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The Role Of Labor And Marriage Markets, Preference Heterogeneity, And The Welfare System In The Life Cycle Decisions Of Black, Hispanic, And White Women

  • Michael P. Keane
  • Kenneth I. Wolpin

Using data from the NLSY79, we structurally estimate a dynamic model of the life cycle decisions of young women. The women make sequential joint decisions about school attendance, work, marriage, fertility, and welfare participation. We use the model to perform counterfactual simulations designed to shed light on three questions: (1) How much of observed minority-majority differences in behavior can be attributed to differences in labor market opportunities, marriage market opportunities, and preference heterogeneity? (2) How does the welfare system interact with these factors to augment those differences? (3) How can new cohorts that grow up under the new welfare system (Temporary Aid for Needy Families) be expected to behave compared to older cohorts? Copyright (2010) by the Economics Department of the University of Pennsylvania and the Osaka University Institute of Social and Economic Research Association.

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File URL: http://www.blackwell-synergy.com/doi/abs/10.1111/j.1468-2354.2010.00604.x
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Article provided by Department of Economics, University of Pennsylvania and Osaka University Institute of Social and Economic Research Association in its journal International Economic Review.

Volume (Year): 51 (2010)
Issue (Month): 3 (08)
Pages: 851-892

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Handle: RePEc:ier:iecrev:v:51:y:2010:i:3:p:851-892
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  1. Christopher A. Swann, 2004. "Welfare Reform when Recipients are Forward-Looking," Department of Economics Working Papers 04-04, Stony Brook University, Department of Economics.
  2. Hanming Fang & Michael P. Keane, 2004. "Assessing the Impact of Welfare Reform on Single Mothers," Brookings Papers on Economic Activity, Economic Studies Program, The Brookings Institution, vol. 35(1), pages 1-116.
  3. Hilary Hoynes, 1993. "Welfare Transfers in Two-Parent Families: Labor Supply and Welfare Participation Under AFDC-UP," NBER Working Papers 4407, National Bureau of Economic Research, Inc.
  4. Daniel McFadden, 1987. "A Method of Simulated Moments for Estimation of Discrete Response Models Without Numerical Integration," Working papers 464, Massachusetts Institute of Technology (MIT), Department of Economics.
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  7. Robert G. Wood, 1995. "Marriage Rates and Marriageable Men: A Test of the Wilson Hypothesis," Journal of Human Resources, University of Wisconsin Press, vol. 30(1), pages 163-193.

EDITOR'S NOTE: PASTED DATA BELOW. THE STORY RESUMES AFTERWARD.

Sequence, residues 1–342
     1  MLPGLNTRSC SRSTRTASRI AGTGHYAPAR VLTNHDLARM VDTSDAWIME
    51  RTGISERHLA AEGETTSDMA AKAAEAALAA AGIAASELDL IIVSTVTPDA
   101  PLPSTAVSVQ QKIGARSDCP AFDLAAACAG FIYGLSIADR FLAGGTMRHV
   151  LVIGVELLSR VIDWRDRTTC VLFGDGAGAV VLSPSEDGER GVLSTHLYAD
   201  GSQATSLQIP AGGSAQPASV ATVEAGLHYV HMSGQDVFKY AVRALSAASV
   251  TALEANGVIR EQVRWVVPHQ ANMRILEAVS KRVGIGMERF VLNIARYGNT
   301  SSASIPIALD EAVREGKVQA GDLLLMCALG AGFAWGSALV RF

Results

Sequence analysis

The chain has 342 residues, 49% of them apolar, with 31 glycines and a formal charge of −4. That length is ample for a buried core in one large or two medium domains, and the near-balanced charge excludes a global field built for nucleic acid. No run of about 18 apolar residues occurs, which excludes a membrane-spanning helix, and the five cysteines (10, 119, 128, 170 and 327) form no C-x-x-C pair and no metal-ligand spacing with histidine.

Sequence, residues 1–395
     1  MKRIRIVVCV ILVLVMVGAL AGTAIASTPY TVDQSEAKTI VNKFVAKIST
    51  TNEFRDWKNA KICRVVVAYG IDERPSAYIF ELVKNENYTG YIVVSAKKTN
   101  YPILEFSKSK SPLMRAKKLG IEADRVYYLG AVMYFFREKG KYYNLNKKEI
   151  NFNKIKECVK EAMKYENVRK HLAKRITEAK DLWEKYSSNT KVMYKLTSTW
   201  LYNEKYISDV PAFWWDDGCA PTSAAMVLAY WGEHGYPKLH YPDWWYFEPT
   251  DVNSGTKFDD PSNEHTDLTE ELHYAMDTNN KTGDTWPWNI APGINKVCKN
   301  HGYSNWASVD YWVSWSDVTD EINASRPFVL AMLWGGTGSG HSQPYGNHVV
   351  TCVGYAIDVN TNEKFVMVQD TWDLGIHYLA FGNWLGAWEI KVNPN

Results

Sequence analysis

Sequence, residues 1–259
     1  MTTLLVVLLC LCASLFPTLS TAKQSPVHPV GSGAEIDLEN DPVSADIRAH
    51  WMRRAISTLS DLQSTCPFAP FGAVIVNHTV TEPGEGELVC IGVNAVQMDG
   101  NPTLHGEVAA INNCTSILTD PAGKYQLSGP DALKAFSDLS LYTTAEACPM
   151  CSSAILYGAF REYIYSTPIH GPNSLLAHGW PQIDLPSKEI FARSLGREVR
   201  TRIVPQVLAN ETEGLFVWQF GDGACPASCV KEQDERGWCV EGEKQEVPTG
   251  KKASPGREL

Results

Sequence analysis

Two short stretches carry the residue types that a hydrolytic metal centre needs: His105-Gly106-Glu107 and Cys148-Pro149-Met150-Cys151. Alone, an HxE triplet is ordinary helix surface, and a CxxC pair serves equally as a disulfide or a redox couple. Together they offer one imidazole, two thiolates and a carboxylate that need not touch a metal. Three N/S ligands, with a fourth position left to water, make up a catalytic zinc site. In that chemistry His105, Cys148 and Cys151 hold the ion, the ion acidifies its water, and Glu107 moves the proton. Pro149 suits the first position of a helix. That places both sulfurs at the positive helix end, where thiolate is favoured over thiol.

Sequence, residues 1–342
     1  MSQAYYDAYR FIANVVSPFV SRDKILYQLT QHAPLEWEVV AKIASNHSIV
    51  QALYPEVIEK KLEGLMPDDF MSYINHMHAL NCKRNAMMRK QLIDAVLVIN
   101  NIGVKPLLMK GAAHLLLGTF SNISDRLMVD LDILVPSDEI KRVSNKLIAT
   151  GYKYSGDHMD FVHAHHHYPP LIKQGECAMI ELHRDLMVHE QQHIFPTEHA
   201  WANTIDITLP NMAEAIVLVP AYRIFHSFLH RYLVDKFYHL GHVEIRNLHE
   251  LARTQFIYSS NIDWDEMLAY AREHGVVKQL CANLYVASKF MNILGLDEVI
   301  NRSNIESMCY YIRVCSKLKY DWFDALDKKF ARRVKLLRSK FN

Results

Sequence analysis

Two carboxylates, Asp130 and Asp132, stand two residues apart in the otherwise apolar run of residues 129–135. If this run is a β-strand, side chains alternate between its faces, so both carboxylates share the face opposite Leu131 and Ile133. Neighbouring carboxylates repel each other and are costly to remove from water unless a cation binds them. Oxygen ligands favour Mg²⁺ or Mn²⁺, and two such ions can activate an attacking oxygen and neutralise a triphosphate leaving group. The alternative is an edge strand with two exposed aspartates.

8. Keane, Michael P & Wolpin, Kenneth I, 1994. "The Solution and Estimation of Discrete Choice Dynamic Programming Models by Simulation and Interpolation: Monte Carlo Evidence," The Review of Economics and Statistics, MIT Press, vol. 76(4), pages 648-72, November.
  9. Wolpin, Kenneth I, 1992. "The Determinants of Black-White Differences in Early Employment Careers: Search, Layoffs, Quits, and Endogenous Wage Growth," Journal of Political Economy, University of Chicago Press, vol. 100(3), pages 535-60, June.
  10. Michael J. Brien, 1997. "Racial Differences in Marriage and the Role of Marriage Markets," Journal of Human Resources, University of Wisconsin Press, vol. 32(4), pages 741-778.
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  12. Sauer, Robert & Keane, Michael P., 2007. "A computationally practical simulation estimation algorithm for dynamic panel data models with unobserved endogenous state variables," Discussion Paper Series In Economics And Econometrics 0705, Economics Division, School of Social Sciences, University of Southampton.
  13. Mark R. Rosenzweig, 1999. "Welfare, Marital Prospects, and Nonmarital Childbearing," Journal of Political Economy, University of Chicago Press, vol. 107(S6), pages S3-S32, December.
  14. Moffitt, Robert, 1983. "An Economic Model of Welfare Stigma," American Economic Review, American Economic Association, vol. 73(5), pages 1023-35, December.
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  16. Tülin Erdem, 1996. "A Dynamic Analysis of Market Structure Based on Panel Data," Marketing Science, INFORMS, vol. 15(4), pages 359-378.
  17. Miller, Robert A. & Sanders, Seth G., 1997. "Human capital development and welfare participation," Carnegie-Rochester Conference Series on Public Policy, Elsevier, vol. 46(1), pages 1-43, June.
  18. Heckman, James J & Macurdy, Thomas E, 1980. "A Life Cycle Model of Female Labour Supply," Review of Economic Studies, Wiley Blackwell, vol. 47(1), pages 47-74, January.
  19. Keane, Michael, 1993. "Simulation estimation for panel data models with limited dependent variables," MPRA Paper 53029, University Library of Munich, Germany.
  20. Van Der Klaauw, W., 1993. "Female Labor Supply and Marital Status Decisions: A Life Cycle Model," Working Papers 93-23, C.V. Starr Center for Applied Economics, New York University.
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